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301 contents match your search.
Publish Date: 21 April 2022
The South African government has declared a national state of emergency to deal with the impact of heavy rainfall and flooding in the province of KwaZulu-Natal last week. On 11 and 12 April, between 200 and 400 mm of rain fell in a 24 hour period. The disaster underlines once again the increasing hazards posed by intense rainfall in a changing climate and the need for impact-based early warnings which reach everyone.
Publish Date: 12 April 2022
Climate change made extreme rainfall heavier and more damaging during five back-to-back storms in January and February in Madagascar, Malawi and Mozambique, according to rapid attribution analysis by an international team of leading climate scientists. More than a million people were affected, with 230 reported deaths.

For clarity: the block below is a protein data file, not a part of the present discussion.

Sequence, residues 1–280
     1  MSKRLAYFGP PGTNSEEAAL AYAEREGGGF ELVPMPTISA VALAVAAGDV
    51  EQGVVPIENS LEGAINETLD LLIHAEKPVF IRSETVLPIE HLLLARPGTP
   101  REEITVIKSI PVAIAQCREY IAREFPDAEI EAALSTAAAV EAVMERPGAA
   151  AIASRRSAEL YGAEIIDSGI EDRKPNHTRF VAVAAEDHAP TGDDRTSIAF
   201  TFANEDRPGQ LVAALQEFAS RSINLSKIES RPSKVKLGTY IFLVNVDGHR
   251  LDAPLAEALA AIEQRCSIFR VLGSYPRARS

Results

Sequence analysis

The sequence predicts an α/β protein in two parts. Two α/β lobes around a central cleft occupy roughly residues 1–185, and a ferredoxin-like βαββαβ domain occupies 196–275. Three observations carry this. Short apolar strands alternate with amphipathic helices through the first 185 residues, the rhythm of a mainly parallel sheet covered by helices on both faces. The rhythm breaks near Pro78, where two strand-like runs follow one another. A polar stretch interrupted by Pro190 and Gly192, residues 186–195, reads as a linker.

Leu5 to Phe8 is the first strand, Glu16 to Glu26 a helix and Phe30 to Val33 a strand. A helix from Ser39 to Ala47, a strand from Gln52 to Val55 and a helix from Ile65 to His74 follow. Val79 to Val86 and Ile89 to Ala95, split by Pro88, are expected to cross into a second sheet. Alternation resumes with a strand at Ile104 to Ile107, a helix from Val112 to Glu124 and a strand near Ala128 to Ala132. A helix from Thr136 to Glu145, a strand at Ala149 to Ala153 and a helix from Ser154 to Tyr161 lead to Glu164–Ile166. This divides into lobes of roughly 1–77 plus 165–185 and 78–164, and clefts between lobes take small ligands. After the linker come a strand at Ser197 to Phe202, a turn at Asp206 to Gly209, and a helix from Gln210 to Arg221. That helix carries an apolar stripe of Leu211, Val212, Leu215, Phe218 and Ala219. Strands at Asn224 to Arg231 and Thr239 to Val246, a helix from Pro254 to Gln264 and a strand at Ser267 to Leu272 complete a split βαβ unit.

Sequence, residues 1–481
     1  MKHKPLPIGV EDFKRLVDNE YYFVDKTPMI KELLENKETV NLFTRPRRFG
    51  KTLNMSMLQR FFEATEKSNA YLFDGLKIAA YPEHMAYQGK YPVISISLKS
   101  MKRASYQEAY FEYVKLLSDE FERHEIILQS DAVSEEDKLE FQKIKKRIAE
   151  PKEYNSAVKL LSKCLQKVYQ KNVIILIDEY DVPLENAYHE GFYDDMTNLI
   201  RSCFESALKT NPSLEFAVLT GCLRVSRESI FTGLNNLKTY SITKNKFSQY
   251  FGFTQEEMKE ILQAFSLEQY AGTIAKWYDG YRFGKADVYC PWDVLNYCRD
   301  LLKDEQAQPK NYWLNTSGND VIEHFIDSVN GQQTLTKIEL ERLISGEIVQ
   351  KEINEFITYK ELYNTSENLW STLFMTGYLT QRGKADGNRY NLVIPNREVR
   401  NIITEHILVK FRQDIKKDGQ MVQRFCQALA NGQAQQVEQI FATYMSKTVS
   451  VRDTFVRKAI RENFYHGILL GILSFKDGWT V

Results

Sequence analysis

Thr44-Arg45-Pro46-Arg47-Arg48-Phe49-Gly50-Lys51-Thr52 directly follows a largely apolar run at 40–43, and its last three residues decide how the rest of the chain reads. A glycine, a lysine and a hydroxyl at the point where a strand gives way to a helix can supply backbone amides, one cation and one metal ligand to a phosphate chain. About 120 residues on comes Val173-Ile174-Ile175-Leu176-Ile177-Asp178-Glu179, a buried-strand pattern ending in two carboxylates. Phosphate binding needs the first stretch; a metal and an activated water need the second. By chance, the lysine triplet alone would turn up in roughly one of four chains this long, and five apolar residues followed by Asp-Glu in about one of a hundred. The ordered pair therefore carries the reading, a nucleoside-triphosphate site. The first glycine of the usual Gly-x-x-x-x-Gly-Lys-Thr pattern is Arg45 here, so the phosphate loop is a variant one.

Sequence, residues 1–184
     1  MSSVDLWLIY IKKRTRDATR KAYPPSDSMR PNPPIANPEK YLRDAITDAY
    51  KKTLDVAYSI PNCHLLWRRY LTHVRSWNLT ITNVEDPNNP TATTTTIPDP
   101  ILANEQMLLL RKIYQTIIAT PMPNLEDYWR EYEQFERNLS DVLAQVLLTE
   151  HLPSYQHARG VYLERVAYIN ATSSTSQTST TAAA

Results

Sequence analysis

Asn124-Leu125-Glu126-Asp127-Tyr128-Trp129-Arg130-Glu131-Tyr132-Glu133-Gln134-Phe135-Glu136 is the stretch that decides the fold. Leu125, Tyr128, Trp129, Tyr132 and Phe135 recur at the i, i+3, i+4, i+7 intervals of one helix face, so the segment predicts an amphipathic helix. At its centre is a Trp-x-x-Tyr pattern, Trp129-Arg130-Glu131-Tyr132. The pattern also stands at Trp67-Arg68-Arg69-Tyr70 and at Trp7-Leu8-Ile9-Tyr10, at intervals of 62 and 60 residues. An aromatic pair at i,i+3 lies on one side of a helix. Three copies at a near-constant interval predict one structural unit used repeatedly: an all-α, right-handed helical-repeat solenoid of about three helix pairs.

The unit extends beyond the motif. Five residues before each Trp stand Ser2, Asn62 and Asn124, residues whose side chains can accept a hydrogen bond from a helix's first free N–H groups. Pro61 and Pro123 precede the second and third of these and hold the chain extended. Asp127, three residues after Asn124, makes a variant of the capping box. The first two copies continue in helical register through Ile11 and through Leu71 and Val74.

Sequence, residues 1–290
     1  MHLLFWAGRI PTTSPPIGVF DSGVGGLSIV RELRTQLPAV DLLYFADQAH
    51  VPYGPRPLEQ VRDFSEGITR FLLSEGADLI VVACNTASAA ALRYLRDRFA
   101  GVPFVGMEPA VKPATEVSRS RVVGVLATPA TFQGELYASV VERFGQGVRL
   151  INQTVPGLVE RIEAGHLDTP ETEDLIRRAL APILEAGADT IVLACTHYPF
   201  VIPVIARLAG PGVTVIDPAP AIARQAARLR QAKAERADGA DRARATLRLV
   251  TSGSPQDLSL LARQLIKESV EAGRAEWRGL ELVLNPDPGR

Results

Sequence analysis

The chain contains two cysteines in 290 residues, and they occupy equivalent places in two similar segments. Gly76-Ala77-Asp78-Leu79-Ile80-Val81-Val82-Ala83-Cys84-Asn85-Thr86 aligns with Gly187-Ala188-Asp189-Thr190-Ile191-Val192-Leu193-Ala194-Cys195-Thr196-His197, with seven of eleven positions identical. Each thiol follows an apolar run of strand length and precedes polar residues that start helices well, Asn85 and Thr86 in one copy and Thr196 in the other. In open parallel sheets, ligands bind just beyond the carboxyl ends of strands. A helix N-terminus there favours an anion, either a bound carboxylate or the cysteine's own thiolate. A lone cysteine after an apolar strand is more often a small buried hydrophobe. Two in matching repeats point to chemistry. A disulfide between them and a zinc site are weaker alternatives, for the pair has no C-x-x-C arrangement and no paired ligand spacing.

Water stress, water-related hazards and water quality pose increasing challenges to modern society. And yet, the capacity to monitor and manage this vital resource is fragmented and inadequate. Billions of people around the world also feel the impact of climate change through water.
The WMO World Weather Research Programme (WWRP) is advancing and promoting research activities on weather, its prediction and its impact on society. The improvements in science and operational predictions are...
Start date1 June 1998
Start date28 February 2022
End date11 March 2022
Extreme hydrometeorological events are affecting societies, economies and environments as never before in human history. Governments, science agencies, the humanitarian sector, emergency managers and decision-makers face an unprecedented challenge to...
The GDPFS is an international mechanism that coordinates Member capacities to prepare and make meteorological analyses and forecast products available to all Members. It enables delivery of harmonized services and is currently organized as a network of Global, Regional and National Centres.